How's Bayou? Moon over Elvis
It wasn't, as the lyrics go, 2 below in Tupelo, Elvis Presley's birthplace in central Mississippi, last month; but it was cold enough for a sweater.
As I walked from the simple wood-frame house where Elvis was born to the nearby auditorium where a rollicking concert by blues star Memphis Joe and his band awaited, the cool, dry night and deep blue sky presented a scene in which nature imitated art, a brilliant dance of dramatically-mutating clouds and a klieg-light moon that brought to mind the apocryphal sky in Southern regionalist painter and New Orleans resident John McCrady's dramatic painting, "Swing Low, Sweet Chariot."
Some critics have viewed McCrady's fantastical skies as elaborate fabrications; but the late-night sky in Tupelo proved more incisive writers correct.
In October 1937, exactly 76 years ago, a writer for Time magazine described for readers the scene that confronted him in Philadelphia's Boyer Gallery:
"Outside a Delta shanty, hound dogs are baying, and an empty model-T Ford rests heavily on its tires. Within, prayerful and curious relatives cluster around a dying Negro. Dusky arch-angels, towing a chariot, hover in the luminous blue sky overhead. Gabriel blows his horn. Another angel gleefully grabs Satan by the tail.
"This isn't a religious nightmare; it is a painting."
The competing critic of the New York Herald Tribune was more direct in his appreciation of the artist and his work, which, he claimed, "steals the show":
"Seldom is one permitted as much unreserved appreciation of a picture. Mr. McCrady [1911-1968] combines fantasy and realism with a quiet humor in his work, which suggests that he enjoys immensely the people and the scenes he paints. The dramatization is whimsically moving."
It's easy to overlook the artist's accurate observation of landscape and sky in his transmutation of the Southern landscape into art. But the dramatic Tupelo heavens that night took the process a step further, a case of nature imitating art imitating nature.
Swept up in the Elvis mythology on the threshold of the Mississippi Delta, it was easy to recreate in my mind the scene that opened above that simple cabin near Oxford, Mississippi, in McCrady's imagination. What surprised me once again was the artist's fidelity to the natural scene in his fervid creation of a soul departing this Earth in this visual interpretation of the spiritual Swing Low.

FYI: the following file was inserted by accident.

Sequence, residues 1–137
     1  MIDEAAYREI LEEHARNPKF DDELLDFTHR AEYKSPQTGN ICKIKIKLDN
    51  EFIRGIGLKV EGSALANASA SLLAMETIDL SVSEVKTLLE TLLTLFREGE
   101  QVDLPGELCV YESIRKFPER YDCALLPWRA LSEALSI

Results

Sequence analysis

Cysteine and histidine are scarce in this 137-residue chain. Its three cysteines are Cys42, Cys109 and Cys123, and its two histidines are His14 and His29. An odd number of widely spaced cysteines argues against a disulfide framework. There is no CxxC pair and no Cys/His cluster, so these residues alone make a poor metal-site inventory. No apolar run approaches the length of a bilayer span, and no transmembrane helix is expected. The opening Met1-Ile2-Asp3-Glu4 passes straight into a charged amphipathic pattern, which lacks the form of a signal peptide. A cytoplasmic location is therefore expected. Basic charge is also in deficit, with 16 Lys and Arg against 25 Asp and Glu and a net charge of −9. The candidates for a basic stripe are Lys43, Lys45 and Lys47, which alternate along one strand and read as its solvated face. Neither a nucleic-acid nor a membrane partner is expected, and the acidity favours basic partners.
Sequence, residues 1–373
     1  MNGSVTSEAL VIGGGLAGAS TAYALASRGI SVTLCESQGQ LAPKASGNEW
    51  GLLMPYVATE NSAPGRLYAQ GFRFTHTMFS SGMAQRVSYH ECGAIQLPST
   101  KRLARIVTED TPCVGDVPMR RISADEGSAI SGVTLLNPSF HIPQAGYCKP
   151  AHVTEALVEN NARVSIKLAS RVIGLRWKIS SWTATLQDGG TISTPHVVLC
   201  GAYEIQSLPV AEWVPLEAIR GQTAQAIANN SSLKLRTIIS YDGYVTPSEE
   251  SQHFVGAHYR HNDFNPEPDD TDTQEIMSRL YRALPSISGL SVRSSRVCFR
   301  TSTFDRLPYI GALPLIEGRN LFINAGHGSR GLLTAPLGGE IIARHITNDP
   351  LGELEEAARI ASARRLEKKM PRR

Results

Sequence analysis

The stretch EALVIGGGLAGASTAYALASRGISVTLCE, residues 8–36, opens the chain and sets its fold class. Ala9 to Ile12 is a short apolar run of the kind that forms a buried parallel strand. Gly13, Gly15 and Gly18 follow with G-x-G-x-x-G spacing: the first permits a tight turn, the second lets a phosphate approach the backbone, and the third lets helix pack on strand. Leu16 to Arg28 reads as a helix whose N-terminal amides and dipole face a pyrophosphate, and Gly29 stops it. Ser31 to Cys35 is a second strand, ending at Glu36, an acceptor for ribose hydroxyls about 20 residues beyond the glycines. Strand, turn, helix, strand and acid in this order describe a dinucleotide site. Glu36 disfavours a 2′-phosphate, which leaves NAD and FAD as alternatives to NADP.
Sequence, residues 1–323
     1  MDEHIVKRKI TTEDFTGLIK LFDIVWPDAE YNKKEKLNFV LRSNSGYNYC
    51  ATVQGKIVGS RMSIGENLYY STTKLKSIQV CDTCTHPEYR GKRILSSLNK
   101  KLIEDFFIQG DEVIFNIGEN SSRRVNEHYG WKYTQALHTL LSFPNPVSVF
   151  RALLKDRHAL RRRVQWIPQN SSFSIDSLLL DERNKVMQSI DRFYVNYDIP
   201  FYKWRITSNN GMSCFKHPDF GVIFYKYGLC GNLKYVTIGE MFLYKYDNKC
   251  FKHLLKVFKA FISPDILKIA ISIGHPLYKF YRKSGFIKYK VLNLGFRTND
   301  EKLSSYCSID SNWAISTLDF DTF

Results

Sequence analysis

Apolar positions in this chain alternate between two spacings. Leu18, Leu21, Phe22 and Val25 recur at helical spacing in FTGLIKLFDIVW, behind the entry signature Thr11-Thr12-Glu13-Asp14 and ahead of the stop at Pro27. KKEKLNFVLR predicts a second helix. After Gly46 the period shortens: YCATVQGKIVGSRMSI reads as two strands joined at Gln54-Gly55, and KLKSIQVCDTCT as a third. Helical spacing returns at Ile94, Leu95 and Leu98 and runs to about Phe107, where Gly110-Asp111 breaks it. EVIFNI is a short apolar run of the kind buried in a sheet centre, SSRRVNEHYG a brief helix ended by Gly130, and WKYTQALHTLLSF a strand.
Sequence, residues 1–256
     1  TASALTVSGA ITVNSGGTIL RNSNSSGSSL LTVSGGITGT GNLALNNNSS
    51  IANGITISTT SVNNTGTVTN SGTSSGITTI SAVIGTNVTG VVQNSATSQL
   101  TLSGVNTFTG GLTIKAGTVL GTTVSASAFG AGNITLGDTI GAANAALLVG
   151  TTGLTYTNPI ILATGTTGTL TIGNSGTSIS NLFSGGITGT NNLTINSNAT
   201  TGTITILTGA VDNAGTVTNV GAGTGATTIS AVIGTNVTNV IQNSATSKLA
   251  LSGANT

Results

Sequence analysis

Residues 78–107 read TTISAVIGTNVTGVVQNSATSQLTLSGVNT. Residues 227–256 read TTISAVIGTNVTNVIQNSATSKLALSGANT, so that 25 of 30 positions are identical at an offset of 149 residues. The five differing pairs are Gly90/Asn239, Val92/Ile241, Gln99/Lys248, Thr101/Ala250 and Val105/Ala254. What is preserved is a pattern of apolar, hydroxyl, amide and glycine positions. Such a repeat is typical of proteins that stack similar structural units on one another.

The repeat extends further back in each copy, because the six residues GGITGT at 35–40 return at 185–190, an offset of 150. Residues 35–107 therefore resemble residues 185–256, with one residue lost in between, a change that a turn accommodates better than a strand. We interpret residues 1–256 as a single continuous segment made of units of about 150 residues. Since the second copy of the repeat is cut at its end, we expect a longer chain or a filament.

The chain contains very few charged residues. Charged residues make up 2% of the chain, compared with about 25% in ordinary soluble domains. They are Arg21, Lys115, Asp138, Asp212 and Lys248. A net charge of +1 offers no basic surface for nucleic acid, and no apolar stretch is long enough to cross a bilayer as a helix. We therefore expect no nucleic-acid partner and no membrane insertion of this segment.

Connoisseurs of the artist's work lovingly refer to such dramatic evocations as "a McCrady sky."
The dramatic highlights of the moonlight sweeping across the percolating clouds. The palpable texture of the evanescent, ghostly shapes above the auditorium that anchored the celestial performance above to terra firma below as precisely as the cabin and Model-T Ford do in the painting. Even the small shimmering orb, to the right of the Tupelo clouds and the left of those above the Oxford cabin.
There was artistic license in one and heavenly theatrics in the other. But each was magnificent, art and nature on a par.
And then there was the delirious sound of Memphis Joe, drawing us into the black hole of a darkened theater that pulsated with dynamic rhythms and synchronized lights.
A night of stars, heavenly and terrestrial.
How’s Bayou? the secrets of remaining sane while running an upscale B&B on Bayou Lafourche, is written weekly for NolaVie by Keith Marshall, a former Rhodes Scholar and graduate of Yale and Oxford universities who now runs Madewood Plantation House in Napoleonville.